Certain institutions in the world are so powerful and popular that we are just lucky that they are a force for good. Like Oprah. If she decided one day that she would like to try out villainy, we would all be in a lot of trouble.
Then there’s Google. It’s a company that many consumers rely on and love. It is also a company that has an immense impact on online commerce, in the United States as well as in many other countries where its search engine dominates. Show up high in a Google search and business is good. Vanish and business dries up.
Given that Google offers products that sometimes compete with those of other companies — internet browsers and online shopping services, to name just two — there is the risk that the mysterious algorithm that determines search results will favor the company that created and controls that algorithm. That’s why European regulators have charged Google with antitrust violations.
But these charges tend to focus on a kind of general harm to the market, often expressed as an anxiety that competition could be stifled. Examples of specific companies that have been harmed by Google, in a material way, are rare. But in this episode, we meet a company that thinks it might fit that description.
Q. The email service that I use, ProtonMail, recently wrote a blog post on its company site about how Google nearly put it out of business. You’ve written about Google before, and I thought you might be interested.
Is this an example of the search giant exploiting its market power?
A. The blog post in question, titled “Search Risk — How Google Almost Killed ProtonMail,” tells a fascinating story. ProtonMail is based in Geneva and offers encrypted email, a product that puts it in competition with Gmail from Google. ProtonMail started in 2014, and by the next summer it had half a million users. In searches for “encrypted email” and “secure email” ProtonMail had been turning up on the first or second page in its first year in business. Not bad.
In October 2015, though, the company was turning up many pages deep into a search, which is tantamount to disappearing. ProtonMail consulted search engine optimization experts and none could explain why. If a company tries to snooker Google with what are known as “black hat” search tricks, Google will sometimes retaliate. ProtonMail says it was staying on the right side of Google’s many rules.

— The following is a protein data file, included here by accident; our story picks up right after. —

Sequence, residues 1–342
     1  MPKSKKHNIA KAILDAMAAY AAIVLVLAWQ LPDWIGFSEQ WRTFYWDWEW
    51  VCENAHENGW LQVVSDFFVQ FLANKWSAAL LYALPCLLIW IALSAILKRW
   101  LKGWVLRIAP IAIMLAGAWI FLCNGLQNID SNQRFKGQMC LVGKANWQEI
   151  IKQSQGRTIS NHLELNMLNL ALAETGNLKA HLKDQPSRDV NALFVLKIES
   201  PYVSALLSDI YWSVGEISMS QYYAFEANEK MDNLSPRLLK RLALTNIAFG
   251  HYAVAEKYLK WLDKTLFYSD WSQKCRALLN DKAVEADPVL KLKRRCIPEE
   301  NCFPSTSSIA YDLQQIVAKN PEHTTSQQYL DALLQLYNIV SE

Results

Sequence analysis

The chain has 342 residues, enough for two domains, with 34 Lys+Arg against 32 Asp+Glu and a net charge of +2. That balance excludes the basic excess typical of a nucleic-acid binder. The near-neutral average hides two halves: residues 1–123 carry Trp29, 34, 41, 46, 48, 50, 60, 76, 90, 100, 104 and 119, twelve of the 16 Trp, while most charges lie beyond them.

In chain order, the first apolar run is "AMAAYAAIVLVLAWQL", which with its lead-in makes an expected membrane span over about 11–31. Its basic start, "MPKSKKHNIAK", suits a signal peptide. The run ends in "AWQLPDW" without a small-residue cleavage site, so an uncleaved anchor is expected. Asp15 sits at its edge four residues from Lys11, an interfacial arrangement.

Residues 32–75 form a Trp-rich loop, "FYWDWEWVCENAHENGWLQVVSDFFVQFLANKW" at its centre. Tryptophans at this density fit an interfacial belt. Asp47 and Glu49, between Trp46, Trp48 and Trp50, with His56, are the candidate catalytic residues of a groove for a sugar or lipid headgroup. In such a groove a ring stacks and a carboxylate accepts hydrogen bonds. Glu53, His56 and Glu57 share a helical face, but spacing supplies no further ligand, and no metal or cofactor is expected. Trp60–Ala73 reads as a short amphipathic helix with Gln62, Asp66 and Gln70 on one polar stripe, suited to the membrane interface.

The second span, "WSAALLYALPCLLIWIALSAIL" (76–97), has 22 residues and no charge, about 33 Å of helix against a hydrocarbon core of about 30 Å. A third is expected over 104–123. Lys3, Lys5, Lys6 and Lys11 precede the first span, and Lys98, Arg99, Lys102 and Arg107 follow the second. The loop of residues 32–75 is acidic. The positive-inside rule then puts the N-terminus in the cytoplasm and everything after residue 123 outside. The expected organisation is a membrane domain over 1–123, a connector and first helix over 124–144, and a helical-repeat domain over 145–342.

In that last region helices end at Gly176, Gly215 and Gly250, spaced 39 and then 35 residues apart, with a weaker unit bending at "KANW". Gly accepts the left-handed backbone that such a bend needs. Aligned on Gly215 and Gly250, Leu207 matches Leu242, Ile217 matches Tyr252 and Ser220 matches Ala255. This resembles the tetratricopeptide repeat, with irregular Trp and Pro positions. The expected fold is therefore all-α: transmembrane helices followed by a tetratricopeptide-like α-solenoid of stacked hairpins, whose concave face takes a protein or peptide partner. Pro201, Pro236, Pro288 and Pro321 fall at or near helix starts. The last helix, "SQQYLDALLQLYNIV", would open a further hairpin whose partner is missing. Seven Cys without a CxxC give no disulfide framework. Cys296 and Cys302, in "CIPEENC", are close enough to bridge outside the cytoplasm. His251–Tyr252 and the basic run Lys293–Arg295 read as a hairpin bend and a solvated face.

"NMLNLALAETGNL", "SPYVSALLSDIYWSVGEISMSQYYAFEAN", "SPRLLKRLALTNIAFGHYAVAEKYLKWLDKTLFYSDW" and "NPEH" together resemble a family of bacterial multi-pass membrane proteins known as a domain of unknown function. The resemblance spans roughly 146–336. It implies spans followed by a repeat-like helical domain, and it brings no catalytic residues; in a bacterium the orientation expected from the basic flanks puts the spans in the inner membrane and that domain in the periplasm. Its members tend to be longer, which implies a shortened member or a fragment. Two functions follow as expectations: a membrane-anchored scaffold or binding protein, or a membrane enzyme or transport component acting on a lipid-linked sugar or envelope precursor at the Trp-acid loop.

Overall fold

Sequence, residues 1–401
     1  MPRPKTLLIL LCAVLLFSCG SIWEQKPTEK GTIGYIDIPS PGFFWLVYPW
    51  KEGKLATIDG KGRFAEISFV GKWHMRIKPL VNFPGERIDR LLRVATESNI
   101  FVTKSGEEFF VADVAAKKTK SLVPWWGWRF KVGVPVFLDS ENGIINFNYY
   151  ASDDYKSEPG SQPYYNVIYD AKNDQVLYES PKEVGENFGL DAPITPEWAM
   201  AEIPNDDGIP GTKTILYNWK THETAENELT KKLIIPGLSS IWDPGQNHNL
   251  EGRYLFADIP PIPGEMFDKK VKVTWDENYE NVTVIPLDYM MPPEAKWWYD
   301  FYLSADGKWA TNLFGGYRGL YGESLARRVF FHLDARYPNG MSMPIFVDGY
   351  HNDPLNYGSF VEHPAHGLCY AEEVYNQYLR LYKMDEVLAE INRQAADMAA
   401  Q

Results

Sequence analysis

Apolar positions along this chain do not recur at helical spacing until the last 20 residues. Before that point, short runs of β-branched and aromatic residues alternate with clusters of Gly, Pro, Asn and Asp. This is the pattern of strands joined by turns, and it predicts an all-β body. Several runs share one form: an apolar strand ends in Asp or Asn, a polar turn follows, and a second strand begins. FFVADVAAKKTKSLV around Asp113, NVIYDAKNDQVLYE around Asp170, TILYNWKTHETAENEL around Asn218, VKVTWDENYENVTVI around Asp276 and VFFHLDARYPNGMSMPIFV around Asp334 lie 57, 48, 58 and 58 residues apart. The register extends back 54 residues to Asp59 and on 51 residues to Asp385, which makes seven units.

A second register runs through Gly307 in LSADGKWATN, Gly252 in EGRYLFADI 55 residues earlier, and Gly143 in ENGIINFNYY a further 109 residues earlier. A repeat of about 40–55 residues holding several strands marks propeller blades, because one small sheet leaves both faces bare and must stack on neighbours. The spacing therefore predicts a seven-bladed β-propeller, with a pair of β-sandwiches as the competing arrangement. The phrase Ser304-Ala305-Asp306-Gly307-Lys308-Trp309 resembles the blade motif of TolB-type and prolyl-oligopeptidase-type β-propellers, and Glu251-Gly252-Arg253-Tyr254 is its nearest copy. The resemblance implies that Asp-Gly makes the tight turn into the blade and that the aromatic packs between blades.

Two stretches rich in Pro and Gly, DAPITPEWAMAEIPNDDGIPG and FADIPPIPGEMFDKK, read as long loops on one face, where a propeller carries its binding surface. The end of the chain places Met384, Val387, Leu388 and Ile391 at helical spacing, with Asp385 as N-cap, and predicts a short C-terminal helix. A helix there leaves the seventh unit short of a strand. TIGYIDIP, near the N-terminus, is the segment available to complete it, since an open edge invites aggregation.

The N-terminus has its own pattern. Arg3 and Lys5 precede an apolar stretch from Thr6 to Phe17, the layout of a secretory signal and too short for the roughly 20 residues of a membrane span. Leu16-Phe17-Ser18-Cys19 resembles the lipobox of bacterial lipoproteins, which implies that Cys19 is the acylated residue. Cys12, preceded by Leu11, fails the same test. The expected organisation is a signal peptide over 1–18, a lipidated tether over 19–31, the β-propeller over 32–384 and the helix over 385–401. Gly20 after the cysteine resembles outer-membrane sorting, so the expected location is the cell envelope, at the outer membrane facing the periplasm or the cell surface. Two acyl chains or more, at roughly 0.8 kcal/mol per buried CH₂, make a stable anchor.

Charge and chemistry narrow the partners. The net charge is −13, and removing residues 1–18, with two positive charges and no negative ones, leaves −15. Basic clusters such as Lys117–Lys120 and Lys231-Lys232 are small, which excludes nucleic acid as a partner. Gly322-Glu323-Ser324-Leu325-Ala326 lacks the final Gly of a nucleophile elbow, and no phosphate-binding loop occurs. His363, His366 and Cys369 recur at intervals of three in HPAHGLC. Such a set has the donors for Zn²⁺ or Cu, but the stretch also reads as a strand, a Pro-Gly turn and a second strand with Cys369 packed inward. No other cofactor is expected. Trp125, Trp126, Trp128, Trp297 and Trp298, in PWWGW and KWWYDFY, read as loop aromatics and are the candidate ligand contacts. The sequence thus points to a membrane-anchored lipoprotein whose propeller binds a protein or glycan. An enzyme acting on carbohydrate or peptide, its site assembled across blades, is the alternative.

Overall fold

The company was still doing well on other search engines, like Bing and Yahoo.
The company tried twice to contact Google, without success. It wrote to a regional Google president in charge of strategic relationships. Nothing. In August, the company privately contacted Matt Cutts, then the head of Google’s web spam team, on Twitter.
“We know Google is intentionally hiding ProtonMail from search results,” the company wrote. “Interested in talking before our data goes public?”
Mr. Cutts wrote back the same day, sounding responsive. A few days passed. ProtonMail nudged on Aug. 9, and by Aug. 11 ProtonMail tweeted to Mr. Cutts that “the problem seems to be mostly fixed now.”
Currently, ProtonMail is ranked No. 1 in searches for both “encrypted email” and “secure email.”
But the damage incurred during ProtonMail’s months in the internet’s version of timeout was huge. “Google directly caused ProtonMail’s growth rate worldwide to be reduced by 25 percent for over 10 months,” the company wrote in its blog post. The company went from covering its monthly expenses to drawing on its emergency reserve fund.
So what caused this near-death experience? The closest that Google ever came to an explanation was to write that it “fixed something,” according to Andy Yen, a ProtonMail co-founder. That’s pretty vague.
The Haggler wrote to Google seeking illumination. A few days later, a company spokeswoman, Kara Berman, responded:
“While we understand that situations like this may raise questions, we typically don’t comment on how specific algorithms impact specific websites. We’re continually refining these algorithms and appreciate hearing from users and webmasters. While in many cases search ranking changes reflect algorithmic criteria working as intended, in some cases we’re able to identify unique features that lead to varied results. We’re sorry that it took so look to connect in this case and are glad the issue is resolved.”
Google has long erred on the side of opacity when discussing algorithm issues because, as it often says, the more that is known about the algorithm, the easier it will be for bad actors to game it. Fair enough. It is also worth noting that while ProtonMail did a lot to get Google’s attention, it did not use the path that Google recommends — a post to the company’s webmasters, who can be reached through a number of links collected on a Google webmasters page.
When asked why he had not tried that route, Mr. Yen responded that friends in the S.E.O. world said the chances of getting a response via that channel were not good.
It seems highly unlikely to the Haggler that Google set out to sabotage ProtonMail. But this episode is a reminder of a conflict of interest at Google’s core. It is like a football team that gets to write the rules, own all the equipment and control the referees.
No opposing franchise in its right mind would compete on those terms, but Google’s popularity and its singular role in online commerce mean that rivals don’t have a choice. They just have to hope that Google can resist the never-ending temptation to place profits over fairness. And that whenever the company needs to “fix something,” it does so lickety-split.